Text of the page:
|end||An integer number specifying at which position to end the slicing|
|step||Optional. An integer number specifying the step of the slicing. Default is 1|
string[2:5] = 'llo' string[3:] = 'lo world!'
Using slicing, we can also access parts of the string by skipping a certain number of characters using the step we can do.
string[::2] = 'hlowrd'
How to delete a string?
You can use the built-in string method .replace() or the del keyword in Python to delete a string.
Example using .replace():
string = "Hello world" string = string.replace("Hello", "") print(string)
The .replace() method takes two parameters, the first is the string you want to replace, and the second is the string you want to replace it with. In this case, we are replacing "Hello" with an empty string, which deletes it.
Example using del:
string = "Hello world" del string print(string)
The del keyword is used to delete a variable or object. In this case, we are deleting the string variable, which deletes the entire string.
String Operators in Python
# Program to demonstrate string operators in Python str1 = "Hello" str2 = "World" # Concatenation of two strings str3 = str1 + str2 print("Concatenation of str1 and str2 is : ", str3) # Repetition str4 = str1 * 3 print("Repetition of str1 is : ", str4) # Slicing str5 = str3[2:5] print("Slicing of str3 is : ", str5) # Range Slicing str6 = str3[:5] print("Range Slicing of str3 is : ", str6) # Membership if 'Wor' in str3: print("'Wor' is present in str3") else: print("'Wor' is not present in str3") # Non-Membership if 'x' not in str3: print("'x' is not present in str3") else: print("'x' is present in str3")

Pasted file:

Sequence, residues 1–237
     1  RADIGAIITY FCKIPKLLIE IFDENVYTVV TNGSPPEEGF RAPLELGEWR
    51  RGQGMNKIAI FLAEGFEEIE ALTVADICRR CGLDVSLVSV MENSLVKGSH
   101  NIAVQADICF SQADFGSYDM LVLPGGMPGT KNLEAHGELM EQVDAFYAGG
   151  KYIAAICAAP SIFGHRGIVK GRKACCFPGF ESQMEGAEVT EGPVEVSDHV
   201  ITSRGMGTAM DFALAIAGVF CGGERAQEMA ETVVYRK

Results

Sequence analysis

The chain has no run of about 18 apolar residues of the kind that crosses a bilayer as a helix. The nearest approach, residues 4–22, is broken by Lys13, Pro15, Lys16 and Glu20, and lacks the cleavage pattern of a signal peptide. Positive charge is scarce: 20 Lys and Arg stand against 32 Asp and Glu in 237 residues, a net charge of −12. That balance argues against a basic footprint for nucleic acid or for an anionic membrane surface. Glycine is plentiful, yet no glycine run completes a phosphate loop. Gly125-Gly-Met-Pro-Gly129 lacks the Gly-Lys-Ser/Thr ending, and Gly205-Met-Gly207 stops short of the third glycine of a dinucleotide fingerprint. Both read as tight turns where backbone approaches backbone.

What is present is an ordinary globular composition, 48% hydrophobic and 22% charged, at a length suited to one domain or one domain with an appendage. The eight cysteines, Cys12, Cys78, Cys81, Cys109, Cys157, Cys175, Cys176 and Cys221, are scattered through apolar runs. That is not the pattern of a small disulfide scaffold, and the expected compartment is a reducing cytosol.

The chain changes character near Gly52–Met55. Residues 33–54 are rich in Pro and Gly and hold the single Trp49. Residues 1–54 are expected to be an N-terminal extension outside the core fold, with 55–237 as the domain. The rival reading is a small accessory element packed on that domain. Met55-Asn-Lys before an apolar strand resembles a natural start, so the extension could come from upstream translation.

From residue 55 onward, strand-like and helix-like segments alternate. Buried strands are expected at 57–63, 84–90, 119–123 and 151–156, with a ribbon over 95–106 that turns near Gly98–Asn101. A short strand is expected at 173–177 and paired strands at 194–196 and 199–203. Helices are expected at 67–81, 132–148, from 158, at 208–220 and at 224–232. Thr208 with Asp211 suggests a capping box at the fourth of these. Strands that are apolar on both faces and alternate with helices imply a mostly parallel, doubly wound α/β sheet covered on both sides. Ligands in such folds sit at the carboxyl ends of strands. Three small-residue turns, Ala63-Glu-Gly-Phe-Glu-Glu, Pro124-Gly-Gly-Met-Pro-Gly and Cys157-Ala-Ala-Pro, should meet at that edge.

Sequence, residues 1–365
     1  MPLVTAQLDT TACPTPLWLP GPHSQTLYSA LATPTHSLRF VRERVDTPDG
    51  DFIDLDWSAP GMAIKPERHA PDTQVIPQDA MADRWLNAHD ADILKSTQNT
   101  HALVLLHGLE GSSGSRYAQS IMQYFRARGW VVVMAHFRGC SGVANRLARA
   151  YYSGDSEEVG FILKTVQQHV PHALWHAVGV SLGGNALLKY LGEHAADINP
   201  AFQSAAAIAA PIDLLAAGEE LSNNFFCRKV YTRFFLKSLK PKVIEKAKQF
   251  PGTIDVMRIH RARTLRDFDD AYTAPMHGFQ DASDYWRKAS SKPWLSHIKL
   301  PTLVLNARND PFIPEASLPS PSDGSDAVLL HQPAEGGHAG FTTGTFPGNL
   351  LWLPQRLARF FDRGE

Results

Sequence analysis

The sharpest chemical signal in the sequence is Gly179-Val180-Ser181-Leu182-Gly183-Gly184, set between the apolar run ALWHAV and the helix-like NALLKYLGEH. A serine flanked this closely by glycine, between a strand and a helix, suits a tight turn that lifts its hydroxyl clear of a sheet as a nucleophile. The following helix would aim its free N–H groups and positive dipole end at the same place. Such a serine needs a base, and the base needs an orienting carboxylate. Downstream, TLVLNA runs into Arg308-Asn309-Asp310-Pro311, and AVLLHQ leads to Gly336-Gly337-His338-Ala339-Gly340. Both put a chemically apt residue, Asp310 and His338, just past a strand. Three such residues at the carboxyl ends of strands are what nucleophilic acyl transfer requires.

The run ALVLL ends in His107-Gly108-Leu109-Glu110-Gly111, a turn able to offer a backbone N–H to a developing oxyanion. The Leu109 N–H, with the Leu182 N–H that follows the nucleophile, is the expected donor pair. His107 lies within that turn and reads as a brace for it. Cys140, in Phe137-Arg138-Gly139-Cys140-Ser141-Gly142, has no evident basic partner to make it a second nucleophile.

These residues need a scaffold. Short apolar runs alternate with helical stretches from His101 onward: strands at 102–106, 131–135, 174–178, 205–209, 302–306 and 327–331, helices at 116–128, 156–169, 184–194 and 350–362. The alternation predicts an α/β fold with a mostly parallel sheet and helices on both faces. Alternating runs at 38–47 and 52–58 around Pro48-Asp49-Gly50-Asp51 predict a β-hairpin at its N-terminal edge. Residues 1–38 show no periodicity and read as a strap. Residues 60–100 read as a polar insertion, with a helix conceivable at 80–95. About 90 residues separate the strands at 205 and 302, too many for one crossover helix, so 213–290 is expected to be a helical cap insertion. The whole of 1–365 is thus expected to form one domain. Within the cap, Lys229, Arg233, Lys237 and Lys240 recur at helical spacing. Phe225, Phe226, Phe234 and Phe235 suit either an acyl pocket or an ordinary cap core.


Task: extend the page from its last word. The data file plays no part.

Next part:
Strings are a fundamental data type in Python and are essential for working with text-based data 📄. This lesson provides an overview of strings in Python, including what they are, how to create and reassign them 🔁, and how to access and manipulate their contents using indexing 🔢 and slicing ❄️. It also covers string operators in Python, such as concatenation 🔗, repetition 🔁, and membership testing 🔍.
string1 = "Hello" string2 = "World" print(string1 + string2)
Answer: a. HelloWorld
Answer: a. A sequence of characters
Answer: d. Character
Answer: d. "str"